Today's Catch

May 8, 2014
Credit:

Jeff Yonover/Nature's Best Photography

These beautiful pink and yellow shimmering fish ( Parapriacanthus ransonneti ) live in large groups among corals and in caves where they feed on zooplankton at night. “Golden sweepers form schools in reef crevices and caves and among coral heads. The technique I employed to make this image was a long exposure and rear curtain synchronization combined with a circular rotation of the camera during...Read more
May 7, 2014
Credit:

© Lollo Enstad/San Diego Natural History Museum

Two fossilized teeth from a megalodon ( Carcharodon megalodon ) dating back more than 20 million years. Their teeth can reach a diagonal length of seven inches! The ancestry of great white sharks has long been debated, but by looking closer at shark teeth scientists know that the giant megatooth shark was not an ancestor of the great white shark. More about the great white shark can be found in...Read more
May 6, 2014
Credit:

Mark J. A. Vermeij

Grey reef sharks ( Carcharhinus amblyrhynchos ) are among the most versatile and tough predators on a Pacific coral reef, but they are also among the most vulnerable species, as they are threatened by wasteful fishing practices like shark finning . They're also very sensitive to human presence, fleeing reefs when people settle along the coasts and preferring more isolated areas. Where you can...Read more
May 5, 2014
Credit:

Howard J. Spero/University of California, Davis

This foraminifera was collected as it floated about 3 meters below the surface off the coast of Puerto Rico. The central dark area is the shell surrounded by spines. The tiny yellow dots are symbiotic algae, which live in the protoplasm of the host organism. When the foraminifer dies, the spines fall off and only the shell is preserved in the fossil record. Shell building animals like forams will...Read more
May 2, 2014
The majestic and highly predatory red lionfish ( Pterois volitans ) , native to the Indo-Pacific, is invading Atlantic waters. The lionfish is a popular home aquarium species, and some were most likely dumped off the Florida coast when no longer wanted. The result is a lionfish population explosion that now threatens native species like snapper, grouper, and sea bass. Read " Five Invasive Species...Read more
May 1, 2014
Credit:

Tony Brown, Flickr

In November 2012, Australia began protecting a huge swath of its ocean from overfishing and oil exploration, creating the largest network of marine reserves in the world at a grand total of 1.2 million square miles (3.1 million square kilometers). The area, a third of the continent’s territorial waters, includes an underwater canyon as large as the U.S. Grand Canyon, seagrass meadows, and the...Read more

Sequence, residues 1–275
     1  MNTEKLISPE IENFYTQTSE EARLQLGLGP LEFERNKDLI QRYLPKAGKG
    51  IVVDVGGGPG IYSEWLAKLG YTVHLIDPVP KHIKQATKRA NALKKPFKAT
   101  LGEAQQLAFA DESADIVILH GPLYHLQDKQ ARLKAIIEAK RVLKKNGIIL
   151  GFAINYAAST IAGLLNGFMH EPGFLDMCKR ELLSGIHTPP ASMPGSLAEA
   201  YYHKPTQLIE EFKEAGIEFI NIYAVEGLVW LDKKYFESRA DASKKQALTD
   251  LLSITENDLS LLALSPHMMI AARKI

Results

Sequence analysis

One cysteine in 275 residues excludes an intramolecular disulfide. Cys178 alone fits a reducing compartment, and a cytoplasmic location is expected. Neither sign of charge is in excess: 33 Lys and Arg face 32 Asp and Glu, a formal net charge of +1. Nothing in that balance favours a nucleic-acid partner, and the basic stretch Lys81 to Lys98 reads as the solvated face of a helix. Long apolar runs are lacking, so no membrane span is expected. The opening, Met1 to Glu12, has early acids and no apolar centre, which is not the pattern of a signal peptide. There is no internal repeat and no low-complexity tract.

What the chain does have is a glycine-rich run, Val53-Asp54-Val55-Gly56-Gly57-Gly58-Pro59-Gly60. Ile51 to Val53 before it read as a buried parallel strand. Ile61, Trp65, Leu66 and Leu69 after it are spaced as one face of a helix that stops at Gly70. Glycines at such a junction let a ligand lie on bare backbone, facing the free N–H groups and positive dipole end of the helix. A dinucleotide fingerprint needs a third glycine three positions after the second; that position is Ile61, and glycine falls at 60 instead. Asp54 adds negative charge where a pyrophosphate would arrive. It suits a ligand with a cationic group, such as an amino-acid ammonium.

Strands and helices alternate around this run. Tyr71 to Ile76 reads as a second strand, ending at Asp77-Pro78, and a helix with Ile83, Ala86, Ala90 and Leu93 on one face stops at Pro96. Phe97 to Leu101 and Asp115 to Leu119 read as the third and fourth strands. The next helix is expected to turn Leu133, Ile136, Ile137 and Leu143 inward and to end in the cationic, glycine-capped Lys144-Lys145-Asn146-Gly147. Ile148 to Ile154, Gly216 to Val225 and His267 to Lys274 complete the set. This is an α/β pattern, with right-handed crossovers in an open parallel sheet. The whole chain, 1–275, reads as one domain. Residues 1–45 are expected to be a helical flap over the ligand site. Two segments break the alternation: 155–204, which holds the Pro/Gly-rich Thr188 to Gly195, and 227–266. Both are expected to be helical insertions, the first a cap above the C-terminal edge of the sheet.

Apr 29, 2014
Credit:

NOAA Office of Response and Restoration

The Exxon Valdez oil spill occurred on March 24, 1989 when an oil tanker grounded on a reef in Alaska’s Prince William Sound. It spilled almost 11 million gallons of crude oil, which reached 1,300 miles of coastline. The spill's remote location, accessible by air or boat only, made the restoration response all the more difficult. Seabirds, mammals, fish, invertebrates, and their communities were...Read more
Apr 23, 2014
Credit:

Deano Cook/Nature's Best Photography

At night this lemon shark ( Negaprion brevirostris ) lurks at the surface, but often during the day they will lie on the ocean bottom. This behavior had been thought to save them energy, but in reality it takes energy for the shark to push water over their gills while not moving. They may be lying still to be cleaned by small fish, like the wrasse. “As nightfall was approaching and the sun...Read more
Apr 16, 2014
Credit:

© Sandra Raredon/Smithsonian Institution

The distinctive form of a winghead shark ( Eusphyra blochii ) is revealed by an X-ray image. The Winghead Shark, one of about ten species of hammerhead sharks, has its eyes set at the tips of its wide, T-shaped head, giving it superb binocular vision. Scientists in the Division of Fishes at the Smithsonian's National Museum of Natural History use X-ray images, like the one shown, to study the...Read more
Apr 14, 2014
Credit:

The Wales Inupiaq Sea Ice Dictionary, courtesy of Igor Krupnik (NMNH)

To people living in warm climates, all ice looks the same. But if you live day-in and day-out on sea ice, like the Inupiaq people of Alaska, you would find that there are many kinds of ice, all distinct. In fact, the Inupiaq have more than 100 names for different kinds of sea ice, illustrated here. A female walrus and her calf ( isavgalik ) rest on ice ( nunavait ) in the midst of scattered pack...Read more

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